Your wine list is an integral part of your customer's dining experience. A carefully chosen, well-presented and inviting wine list will add to the enjoyment of the occasion. It is also a way for you to increase your margins and make your venue more profitable.
Picture the scene; a group of friends have got together for a meal or a night out. They're laughing and having fun. They're then presented with a wine list. There's nothing they recognise on the list, no descriptors to help them decide, the prices all seem quite high and the member of staff they ask for assistance doesn't know the difference between a Chardonnay and a Shiraz. They have little choice - they choose the cheapest wine on the list, as there seems little point in spending more.
At a different venue, the same group of friends are given a stylishly presented wine list, with a friendly note from the owner. There is a wide range of wines from entry level upwards with good descriptions and suggestions of foods that might complement them. There are also a few more unusual wines and some at a much higher price point - but it is made clear what they are and why they are more expensive. The person serving comes over and helps the friends make an informed decision. They decide to try something new and spend a little more as it sounds interesting.
Your wine list is your sales brochure. Get it right and everyone will be happy.
Guy Adams is managing director at Heritage Wine
SEVEN STEPS TO REFRESH YOUR WINE LIST
Understand your customers
Take a step back and put yourself in your customers' shoes. Getting the psychology right is so important - and not frightening your customers with very high prices and too much unfamiliarity. Think about your average customer's knowledge of wine, the questions they ask when ordering, and how much they currently spend on a bottle on average. Offering good quality wines at this price with familiar names such as Chardonnay or Rioja provides reassurance. A steady price progression to more expensive wines, each with an interesting descriptor, will give your customers reasons to trade up.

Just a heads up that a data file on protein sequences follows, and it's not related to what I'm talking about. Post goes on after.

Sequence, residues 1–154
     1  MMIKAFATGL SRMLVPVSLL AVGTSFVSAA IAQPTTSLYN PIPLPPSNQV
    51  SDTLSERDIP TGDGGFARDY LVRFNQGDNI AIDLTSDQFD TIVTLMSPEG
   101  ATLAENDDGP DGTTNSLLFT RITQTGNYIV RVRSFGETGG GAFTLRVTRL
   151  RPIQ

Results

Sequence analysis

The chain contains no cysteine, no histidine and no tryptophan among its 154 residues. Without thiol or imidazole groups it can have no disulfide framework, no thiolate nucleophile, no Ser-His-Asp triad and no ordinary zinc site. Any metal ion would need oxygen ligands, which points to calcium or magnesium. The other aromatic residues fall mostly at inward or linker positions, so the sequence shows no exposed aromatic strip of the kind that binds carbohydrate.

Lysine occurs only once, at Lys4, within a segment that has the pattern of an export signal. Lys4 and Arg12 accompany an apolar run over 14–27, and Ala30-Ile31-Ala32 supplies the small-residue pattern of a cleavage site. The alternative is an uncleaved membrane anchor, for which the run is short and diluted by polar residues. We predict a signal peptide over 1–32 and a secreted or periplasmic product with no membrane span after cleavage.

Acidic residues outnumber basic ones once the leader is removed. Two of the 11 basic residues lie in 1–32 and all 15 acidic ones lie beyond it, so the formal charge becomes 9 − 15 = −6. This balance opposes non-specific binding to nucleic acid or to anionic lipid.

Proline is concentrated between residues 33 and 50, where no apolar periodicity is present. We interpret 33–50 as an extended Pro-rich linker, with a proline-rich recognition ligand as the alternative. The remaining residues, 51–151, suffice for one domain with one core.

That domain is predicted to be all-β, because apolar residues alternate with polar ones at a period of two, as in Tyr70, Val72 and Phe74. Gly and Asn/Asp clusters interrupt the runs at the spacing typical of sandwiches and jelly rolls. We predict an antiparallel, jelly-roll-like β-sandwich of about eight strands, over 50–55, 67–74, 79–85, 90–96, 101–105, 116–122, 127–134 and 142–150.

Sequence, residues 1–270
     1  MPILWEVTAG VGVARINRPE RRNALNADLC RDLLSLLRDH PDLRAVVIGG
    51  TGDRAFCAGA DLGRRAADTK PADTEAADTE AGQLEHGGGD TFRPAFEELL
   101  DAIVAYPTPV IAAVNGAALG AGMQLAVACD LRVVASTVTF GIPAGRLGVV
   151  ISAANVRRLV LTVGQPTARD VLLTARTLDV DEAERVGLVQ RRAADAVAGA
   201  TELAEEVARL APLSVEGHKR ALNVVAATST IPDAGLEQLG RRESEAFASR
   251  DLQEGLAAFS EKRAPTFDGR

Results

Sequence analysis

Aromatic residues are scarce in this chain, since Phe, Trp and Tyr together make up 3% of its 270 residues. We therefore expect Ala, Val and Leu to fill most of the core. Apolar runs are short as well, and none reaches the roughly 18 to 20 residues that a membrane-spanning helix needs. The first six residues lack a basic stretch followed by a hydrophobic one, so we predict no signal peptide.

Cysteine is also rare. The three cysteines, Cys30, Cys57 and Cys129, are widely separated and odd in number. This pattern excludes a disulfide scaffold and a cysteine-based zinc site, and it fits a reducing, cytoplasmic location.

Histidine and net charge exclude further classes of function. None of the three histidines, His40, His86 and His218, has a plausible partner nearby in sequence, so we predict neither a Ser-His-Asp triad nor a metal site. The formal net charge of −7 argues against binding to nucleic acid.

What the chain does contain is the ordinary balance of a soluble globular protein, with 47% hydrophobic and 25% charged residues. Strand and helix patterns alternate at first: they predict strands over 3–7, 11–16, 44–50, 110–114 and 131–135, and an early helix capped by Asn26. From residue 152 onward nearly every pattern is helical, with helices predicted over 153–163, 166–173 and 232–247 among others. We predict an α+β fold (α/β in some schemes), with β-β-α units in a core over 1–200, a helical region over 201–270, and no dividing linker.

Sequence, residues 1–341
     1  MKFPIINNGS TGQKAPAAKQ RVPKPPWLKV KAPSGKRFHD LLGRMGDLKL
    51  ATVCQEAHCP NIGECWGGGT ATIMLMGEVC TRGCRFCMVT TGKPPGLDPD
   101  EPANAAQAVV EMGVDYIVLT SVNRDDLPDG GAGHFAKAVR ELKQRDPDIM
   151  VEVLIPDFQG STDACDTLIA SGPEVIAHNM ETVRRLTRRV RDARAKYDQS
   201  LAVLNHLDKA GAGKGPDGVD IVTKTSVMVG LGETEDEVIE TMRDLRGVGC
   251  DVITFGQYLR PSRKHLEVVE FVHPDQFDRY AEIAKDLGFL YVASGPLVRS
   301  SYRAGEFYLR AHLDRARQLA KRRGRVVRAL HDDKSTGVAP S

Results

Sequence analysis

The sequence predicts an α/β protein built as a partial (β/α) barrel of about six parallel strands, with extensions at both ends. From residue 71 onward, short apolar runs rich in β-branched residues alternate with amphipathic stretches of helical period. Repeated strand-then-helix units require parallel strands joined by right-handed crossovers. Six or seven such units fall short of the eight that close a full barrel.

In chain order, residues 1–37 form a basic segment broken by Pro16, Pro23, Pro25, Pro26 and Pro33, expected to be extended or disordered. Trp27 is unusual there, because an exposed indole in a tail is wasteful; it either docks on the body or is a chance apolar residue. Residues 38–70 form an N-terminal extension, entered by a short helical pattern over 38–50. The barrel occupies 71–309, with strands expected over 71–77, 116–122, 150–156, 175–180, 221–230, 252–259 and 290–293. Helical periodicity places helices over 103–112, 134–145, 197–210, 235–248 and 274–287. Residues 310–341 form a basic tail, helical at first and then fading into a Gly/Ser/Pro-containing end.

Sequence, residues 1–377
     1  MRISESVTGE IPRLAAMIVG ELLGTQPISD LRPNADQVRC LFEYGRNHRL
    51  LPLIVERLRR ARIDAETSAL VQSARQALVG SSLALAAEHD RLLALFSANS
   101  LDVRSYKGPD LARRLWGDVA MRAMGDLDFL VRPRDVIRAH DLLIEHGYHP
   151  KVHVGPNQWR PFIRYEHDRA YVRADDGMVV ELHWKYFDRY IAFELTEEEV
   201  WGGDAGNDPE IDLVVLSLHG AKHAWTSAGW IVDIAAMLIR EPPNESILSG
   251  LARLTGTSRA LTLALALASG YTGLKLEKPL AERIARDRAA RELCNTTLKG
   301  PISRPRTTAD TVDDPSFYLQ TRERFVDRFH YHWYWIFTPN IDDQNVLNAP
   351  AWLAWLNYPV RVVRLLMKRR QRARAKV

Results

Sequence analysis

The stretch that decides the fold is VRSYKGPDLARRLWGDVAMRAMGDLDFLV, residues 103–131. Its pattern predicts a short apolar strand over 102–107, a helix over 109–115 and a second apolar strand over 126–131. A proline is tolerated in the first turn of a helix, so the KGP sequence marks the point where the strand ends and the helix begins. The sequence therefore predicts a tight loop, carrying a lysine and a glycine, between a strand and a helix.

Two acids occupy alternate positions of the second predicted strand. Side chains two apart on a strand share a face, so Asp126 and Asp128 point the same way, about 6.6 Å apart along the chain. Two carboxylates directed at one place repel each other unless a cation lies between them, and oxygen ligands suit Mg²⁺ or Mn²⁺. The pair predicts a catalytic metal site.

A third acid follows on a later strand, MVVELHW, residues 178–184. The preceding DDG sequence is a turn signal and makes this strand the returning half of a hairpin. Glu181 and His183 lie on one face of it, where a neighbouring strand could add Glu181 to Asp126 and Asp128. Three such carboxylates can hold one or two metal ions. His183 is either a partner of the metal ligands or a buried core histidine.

Ask for help
Work with an experienced wine supplier to develop your list: someone who understands not only about wine but also about your business and the importance of the bottom-line.
A suitable range
Ensure that there is something for everyone on the wine list. It needs to start at a keen price point, with a good offering of wines under the £20 mark so customers can explore different wine producing areas from around the world.
Get pricing right
Maintain healthy margins throughout your list, but consider cash margins for higher priced wines. There is no point in stocking very expensive wines that nobody buys.
Invest in quality
Even at the entry level don't skimp on quality. If the customer is getting an interesting, well-selected wine for their money at this level, they are more likely to explore further up the list.
Share your knowledge
If the wine list is clear, with good descriptions, it will help to sell the wines. But don't cram it with information. A few words about the wine - the grape variety, country of origin, dominant characteristics and food matching suggestions - will be quite sufficient. Think about your staff's level of knowledge too and ensure they know enough about the wine list to up-sell effectively. Highly trained staff can bring the wine list to life.
It's in the presentation
Make the wine list look appealing and add a personal note at the front to make it friendly and inviting. Keep it stylish and simple. Group the wines either by style or price, but not by country, so that it is easy for customers to explore.